Nairobi’s Informal Modernism

C PROFANYAMBATOMTEBESI. "Nairobi’s Informal Modernism.". In: 6th N-AERUS Workshop, Promoting Social Inclusion in Urban Areas: Policies and Practice. Lund, Sweden; 2005.

Date Presented:

September 2005


Nairobi was established more than 100 years ago as a transit point for the Uganda
Railway. The Uganda railway was built by the British Colonial Administration, to link Mombasa on the
Indian Ocean coast with Lake Victoria in the interior of East Africa, in order to extract natural resources. In
1900 commissioner Charles Eliot introduced hut tax, and encouraged European settlement based upon a
policy of integrated development. However the advent of the first European settlers swiftly changed this
vision, and separate development was established as policy. These were the beginnings of social, economic
and spatial exclusions. By the end of the Second World War, most of the land in Nairobi had been
privatised, making it almost impossible for any inclusive civic development to take place.
At independence in 1963, the restriction of the movement of Africans was relaxed, creating a large influx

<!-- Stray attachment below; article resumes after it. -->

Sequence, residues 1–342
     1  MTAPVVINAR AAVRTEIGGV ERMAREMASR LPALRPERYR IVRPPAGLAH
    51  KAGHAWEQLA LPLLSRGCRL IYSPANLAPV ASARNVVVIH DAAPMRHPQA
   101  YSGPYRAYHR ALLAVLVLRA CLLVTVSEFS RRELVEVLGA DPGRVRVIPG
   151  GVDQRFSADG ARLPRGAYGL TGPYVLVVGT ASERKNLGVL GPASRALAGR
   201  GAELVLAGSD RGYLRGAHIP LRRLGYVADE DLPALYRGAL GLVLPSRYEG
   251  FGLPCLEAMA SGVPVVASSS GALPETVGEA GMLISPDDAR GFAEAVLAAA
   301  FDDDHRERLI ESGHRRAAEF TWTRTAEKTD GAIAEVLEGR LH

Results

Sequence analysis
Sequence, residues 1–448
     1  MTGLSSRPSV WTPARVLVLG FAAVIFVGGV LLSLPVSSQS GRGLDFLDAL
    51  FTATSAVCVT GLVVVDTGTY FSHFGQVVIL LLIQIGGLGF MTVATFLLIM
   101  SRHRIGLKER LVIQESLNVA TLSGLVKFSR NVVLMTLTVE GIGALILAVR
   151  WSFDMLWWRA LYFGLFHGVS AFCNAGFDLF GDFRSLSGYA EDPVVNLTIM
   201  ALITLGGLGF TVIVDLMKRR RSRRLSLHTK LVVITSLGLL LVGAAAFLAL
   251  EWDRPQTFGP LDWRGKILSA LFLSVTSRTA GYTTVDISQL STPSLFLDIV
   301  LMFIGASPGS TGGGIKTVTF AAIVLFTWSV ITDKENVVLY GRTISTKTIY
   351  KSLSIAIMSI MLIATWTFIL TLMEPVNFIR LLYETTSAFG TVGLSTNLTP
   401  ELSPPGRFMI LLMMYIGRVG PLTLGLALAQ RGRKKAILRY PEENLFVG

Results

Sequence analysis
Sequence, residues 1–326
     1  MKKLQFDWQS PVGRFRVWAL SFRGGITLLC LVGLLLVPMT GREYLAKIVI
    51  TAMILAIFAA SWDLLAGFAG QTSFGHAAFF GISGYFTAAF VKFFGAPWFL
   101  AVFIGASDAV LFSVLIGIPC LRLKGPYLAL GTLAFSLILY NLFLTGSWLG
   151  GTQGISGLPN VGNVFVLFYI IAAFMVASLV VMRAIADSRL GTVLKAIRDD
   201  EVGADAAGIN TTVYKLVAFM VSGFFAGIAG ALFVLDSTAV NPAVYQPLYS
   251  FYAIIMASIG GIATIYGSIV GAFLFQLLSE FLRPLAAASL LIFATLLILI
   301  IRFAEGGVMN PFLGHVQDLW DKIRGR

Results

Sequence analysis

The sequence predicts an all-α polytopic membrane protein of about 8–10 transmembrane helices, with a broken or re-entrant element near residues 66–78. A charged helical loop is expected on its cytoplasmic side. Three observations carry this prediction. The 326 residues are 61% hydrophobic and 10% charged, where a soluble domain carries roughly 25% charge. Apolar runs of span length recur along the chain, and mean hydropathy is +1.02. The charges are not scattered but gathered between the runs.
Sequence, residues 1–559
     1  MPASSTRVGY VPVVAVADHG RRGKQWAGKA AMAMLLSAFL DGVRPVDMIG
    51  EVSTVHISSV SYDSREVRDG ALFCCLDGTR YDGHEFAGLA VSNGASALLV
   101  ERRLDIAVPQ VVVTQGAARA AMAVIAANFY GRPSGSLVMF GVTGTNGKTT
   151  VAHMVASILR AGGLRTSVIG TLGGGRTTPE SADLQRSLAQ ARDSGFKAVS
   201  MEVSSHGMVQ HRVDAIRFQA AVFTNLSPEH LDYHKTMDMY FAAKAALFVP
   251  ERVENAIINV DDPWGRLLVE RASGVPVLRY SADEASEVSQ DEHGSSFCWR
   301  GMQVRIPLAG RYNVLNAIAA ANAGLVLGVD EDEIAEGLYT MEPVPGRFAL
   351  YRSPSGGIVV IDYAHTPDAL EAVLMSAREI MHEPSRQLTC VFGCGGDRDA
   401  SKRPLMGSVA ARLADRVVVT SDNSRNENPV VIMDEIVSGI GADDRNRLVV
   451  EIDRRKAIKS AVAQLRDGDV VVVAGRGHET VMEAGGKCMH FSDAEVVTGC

of people into the city. These people were excluded from main stream formal operations of the city, and
had to survive from their own `wits’. In recent times, neo-liberal policies have had no meaningful impact
on the provision of urban services to the poor. The reduced role of the state has created a haven for
privateers to exploit the urban poor. In the process an informal modernism has emerged in Nairobi, where
moneyed developers build 8-10 storey rental business cum residential blocks, further marginalising the
poor. This paper further argues that for there to be any meaningful progress, the state should provide
subsidised rental housing for the poor, as they are unable to get into the home ownership bracket based on
market rates.

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